Implementation of the Cardiac Arrest Sonographic Assessment (CASA) protocol for patients with cardiac arrest is associated with shorter CPR pulse checks

Eben J Clattenburg, Peter C Wroe, Kevin Gardner, Cody Schultz, Jon Gelber, Amandeep Singh, Arun Nagdev
Resuscitation 2018, 131: 69-73

OBJECTIVE: We aim to evaluate whether implementation of the "Cardiac Arrest Sonographic Assessment" (CASA) protocol reduces the duration of interruptions in CPR during resuscitation of cardiac arrest (CA) compared to the pre-intervention period.

METHODS: This was a quasi-experimental pre and post intervention study completed over 19 months in an urban Emergency Department. CA resuscitations were filmed and analyzed with respect to pulse check duration and use of point-of-care ultrasound (POCUS). After one year, an intervention was implemented: ED residents and faculty were taught the CASA protocol and instructed on how to implement it within CA resuscitation. The primary outcome was the difference in CPR pulse check duration between the pre and post intervention period. Videos from pre and post intervention CA resuscitations were coded by two reviewers.

RESULTS: Data was collected prospectively for 267 sequential cardiac arrests. 38 pre-intervention and 45 post-intervention resuscitations were videoed and included in analysis. Both groups had a median of 3 pulse checks and 2 POCUS exams performed per code. CPR pulse checks involving POCUS exams were 4.0 s (95%CI 1.7-6.3) shorter in the post-intervention group than in the pre-intervention group. CPR pause durations were 3.1 s (95%CI 0.7-5.6) shorter when the ultrasound probe was placed on the chest before stopping CPR compared to placement after stopping CPR, and 3.1 s (95%CI 0.6-5.6) shorter when an ED ultrasound fellowship trained faculty was present compared to non-ultrasound fellowship faculty. The proportion of pulse checks with ultrasound use increased from 64% before the intervention to 80% after the intervention.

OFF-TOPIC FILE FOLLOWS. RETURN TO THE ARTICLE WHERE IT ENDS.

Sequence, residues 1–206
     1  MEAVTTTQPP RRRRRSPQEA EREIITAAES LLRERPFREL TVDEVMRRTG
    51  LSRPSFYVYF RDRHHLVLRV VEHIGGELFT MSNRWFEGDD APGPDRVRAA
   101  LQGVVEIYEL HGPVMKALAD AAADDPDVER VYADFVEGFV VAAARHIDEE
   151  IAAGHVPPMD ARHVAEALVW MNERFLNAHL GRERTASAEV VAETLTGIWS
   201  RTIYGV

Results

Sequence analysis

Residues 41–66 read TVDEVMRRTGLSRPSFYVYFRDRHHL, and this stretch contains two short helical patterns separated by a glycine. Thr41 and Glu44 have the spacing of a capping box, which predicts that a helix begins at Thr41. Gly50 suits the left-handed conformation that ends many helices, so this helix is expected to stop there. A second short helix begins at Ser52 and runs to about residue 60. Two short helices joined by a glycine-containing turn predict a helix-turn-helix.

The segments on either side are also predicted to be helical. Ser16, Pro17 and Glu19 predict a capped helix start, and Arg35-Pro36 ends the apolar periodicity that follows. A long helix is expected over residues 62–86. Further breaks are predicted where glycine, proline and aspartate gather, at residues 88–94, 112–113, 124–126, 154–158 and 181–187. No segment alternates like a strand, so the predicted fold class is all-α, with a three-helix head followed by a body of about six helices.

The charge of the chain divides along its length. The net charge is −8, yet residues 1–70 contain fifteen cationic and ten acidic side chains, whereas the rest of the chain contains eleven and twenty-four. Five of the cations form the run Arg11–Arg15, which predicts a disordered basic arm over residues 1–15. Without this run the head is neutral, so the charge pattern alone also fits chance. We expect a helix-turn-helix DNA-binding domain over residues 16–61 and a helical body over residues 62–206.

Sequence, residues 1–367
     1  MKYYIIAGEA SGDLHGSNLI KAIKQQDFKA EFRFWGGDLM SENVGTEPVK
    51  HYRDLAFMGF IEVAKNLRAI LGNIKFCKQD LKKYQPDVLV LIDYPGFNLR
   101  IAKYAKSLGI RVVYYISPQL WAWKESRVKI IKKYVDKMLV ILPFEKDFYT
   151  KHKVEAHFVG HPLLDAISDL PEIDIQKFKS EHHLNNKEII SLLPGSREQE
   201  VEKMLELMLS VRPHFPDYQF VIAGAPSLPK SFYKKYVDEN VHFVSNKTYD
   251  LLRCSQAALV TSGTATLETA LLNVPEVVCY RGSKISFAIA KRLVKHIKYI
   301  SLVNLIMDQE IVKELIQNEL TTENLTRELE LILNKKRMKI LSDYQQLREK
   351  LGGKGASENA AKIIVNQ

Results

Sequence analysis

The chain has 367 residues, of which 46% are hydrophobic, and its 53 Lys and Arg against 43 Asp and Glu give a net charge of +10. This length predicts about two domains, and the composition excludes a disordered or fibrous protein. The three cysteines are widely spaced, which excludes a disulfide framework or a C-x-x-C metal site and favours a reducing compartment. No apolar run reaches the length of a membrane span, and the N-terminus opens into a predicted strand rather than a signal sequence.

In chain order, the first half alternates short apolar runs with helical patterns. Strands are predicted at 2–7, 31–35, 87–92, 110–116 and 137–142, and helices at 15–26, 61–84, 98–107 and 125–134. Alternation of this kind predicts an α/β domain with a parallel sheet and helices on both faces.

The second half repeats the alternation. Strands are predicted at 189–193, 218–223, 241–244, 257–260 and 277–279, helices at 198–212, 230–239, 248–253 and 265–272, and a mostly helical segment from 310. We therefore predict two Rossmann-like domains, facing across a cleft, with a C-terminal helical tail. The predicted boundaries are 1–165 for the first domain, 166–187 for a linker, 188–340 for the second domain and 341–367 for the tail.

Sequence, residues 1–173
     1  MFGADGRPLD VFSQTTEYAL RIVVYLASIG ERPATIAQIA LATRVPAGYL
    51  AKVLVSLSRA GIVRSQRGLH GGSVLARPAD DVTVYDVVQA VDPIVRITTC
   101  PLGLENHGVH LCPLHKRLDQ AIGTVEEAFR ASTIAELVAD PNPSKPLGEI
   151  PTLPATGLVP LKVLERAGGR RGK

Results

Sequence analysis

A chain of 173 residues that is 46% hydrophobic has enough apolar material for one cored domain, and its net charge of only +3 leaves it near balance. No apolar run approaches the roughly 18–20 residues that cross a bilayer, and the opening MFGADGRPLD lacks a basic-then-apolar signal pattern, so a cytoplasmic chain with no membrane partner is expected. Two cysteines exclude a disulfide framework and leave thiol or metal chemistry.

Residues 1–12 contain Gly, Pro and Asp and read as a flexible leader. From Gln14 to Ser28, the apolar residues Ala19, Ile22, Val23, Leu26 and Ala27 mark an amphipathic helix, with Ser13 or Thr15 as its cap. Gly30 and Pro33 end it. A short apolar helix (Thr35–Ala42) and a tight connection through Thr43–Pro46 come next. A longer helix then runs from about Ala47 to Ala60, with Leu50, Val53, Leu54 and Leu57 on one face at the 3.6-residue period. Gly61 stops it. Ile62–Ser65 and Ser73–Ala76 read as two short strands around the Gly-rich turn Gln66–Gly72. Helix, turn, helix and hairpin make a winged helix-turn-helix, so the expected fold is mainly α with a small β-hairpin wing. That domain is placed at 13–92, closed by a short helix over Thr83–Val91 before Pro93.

CONCLUSION: In this pre and post-intervention study, the implementation of a structured algorithm for ultrasound use during cardiac arrest significantly reduced the duration of CPR interruptions when ultrasound was performed.

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